This is a contributed op-ed written by John Mitchell, president and CEO of IPC, a global trade association representing the electronics manufacturing industry. Opinions are the author's own.
In October, President Donald Trump's administration announced a reframing of "Made in America" products and reiterated its view of an America-centric manufacturing future. President-elect Joe Biden's incoming administration has also focused on ways to reinvigorate American manufacturing in the wake of the crisis, aiming to expand domestic capacity and employment.
The pandemic revealed that too many global supply chains have grown too long and too fragile, incapable of the resilience and flexibility needed in response to systemic shocks like coronavirus.
And so, the outgoing Trump administration was right to say that the future of manufacturing will require industries to reevaluate how their products go from raw materials to consumers' hands.
Like most economic sectors, electronics manufacturing suffered a setback with the coronavirus pandemic, but it suffered less than many other industries — a testament to how central electronics are to almost every aspect of daily life. Yet, the supply chain shock inflicted by the virus has provoked a reexamination of accepted truths of supply chain management.
This experience has forced a reckoning on what changes need to be made moving forward.
Resiliency through regionalization
Supply chains of the future must not only optimize costs but also mitigate risks, particularly in overstretched systems that lack clear visibility into the various processes handled across foreign markets.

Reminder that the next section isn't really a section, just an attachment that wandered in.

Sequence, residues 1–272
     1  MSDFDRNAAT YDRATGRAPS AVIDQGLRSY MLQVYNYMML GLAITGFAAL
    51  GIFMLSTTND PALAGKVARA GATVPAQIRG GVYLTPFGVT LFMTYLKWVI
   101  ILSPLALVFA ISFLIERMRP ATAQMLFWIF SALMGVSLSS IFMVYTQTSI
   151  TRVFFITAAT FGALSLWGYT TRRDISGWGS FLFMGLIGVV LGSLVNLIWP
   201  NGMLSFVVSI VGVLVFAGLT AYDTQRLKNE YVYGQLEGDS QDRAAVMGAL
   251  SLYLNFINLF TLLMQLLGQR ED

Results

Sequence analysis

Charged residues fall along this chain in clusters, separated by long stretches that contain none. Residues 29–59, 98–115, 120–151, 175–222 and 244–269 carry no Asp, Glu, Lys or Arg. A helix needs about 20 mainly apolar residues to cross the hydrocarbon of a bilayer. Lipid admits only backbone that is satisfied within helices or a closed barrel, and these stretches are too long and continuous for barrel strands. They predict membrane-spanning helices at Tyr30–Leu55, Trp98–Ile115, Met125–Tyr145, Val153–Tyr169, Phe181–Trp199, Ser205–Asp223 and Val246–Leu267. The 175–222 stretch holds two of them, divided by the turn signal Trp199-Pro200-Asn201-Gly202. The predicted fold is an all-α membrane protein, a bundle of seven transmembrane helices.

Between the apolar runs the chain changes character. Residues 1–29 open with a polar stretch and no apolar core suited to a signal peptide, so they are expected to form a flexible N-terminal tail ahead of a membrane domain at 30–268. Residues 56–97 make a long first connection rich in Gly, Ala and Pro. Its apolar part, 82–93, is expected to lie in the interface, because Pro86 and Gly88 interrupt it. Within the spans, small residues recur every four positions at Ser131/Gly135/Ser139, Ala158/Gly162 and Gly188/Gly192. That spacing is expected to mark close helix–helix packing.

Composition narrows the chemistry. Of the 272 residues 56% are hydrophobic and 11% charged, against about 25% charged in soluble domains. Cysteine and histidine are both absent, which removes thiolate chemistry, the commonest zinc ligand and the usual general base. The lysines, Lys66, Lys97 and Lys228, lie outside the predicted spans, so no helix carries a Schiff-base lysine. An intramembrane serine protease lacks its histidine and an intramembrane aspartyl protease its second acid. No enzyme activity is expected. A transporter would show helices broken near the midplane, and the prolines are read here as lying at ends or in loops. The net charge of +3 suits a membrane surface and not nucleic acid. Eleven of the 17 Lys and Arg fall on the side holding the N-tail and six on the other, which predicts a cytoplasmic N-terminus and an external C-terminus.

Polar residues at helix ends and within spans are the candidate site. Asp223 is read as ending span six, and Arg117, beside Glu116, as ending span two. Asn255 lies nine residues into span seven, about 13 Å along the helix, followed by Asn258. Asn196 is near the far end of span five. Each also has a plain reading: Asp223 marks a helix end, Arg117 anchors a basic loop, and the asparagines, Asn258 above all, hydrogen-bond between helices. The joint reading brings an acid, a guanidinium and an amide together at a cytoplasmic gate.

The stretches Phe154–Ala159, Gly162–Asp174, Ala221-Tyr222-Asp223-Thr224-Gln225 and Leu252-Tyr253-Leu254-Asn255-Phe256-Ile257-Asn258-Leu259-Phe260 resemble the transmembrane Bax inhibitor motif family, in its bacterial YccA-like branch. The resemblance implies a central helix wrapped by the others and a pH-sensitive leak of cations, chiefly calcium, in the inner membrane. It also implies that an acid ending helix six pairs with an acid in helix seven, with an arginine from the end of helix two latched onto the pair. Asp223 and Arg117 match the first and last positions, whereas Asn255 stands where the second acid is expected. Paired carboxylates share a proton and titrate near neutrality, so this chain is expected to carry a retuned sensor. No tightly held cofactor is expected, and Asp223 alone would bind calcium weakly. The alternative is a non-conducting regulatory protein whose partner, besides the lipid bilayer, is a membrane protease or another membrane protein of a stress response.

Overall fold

Companies may need to manage not one supply chain but several backup permutations. This network of supply chains will offer the resiliency many companies lacked during the pandemic.
The supply chain shock inflicted by the virus has provoked a reexamination of accepted truths of supply chain management.
Businesses will also need to bolster partners in their home regions. Economists predicted in a report published in May that coronavirus would not only halt but reverse certain aspects of globalization as producers become more aware of their vulnerabilities. This response will improve supply chain resilience as more companies bring manufacturing processes closer to home.
Fully onshoring manufacturing can be difficult or impossible within the electronics manufacturing ecosystem. But by better regionalizing supply chains — say, between the United States, Canada and Mexico — suppliers can capitalize on many of the benefits of domestic manufacturing.
One silver lining of the damage wrought by the pandemic is that it provides an opportunity to reengineer business as usual and more aggressively tackle the problems of tomorrow. And industry leaders understand this challenge: More than half of manufacturers surveyed early on in the coronavirus pandemic recognized that major changes would be necessary.
One silver lining of the damage wrought by the pandemic is that it provides an opportunity to reengineer business as usual.
American manufacturing has been a backbone of the response to and recovery from the coronavirus pandemic. But it finds itself at a crossroads where a world with new risks demands new paradigms.
A robust supply chain for complex goods will indeed require international cooperation. When it does, suppliers must find creative ways to ensure that supply chains are resilient enough to survive future challenges, whatever they may be.
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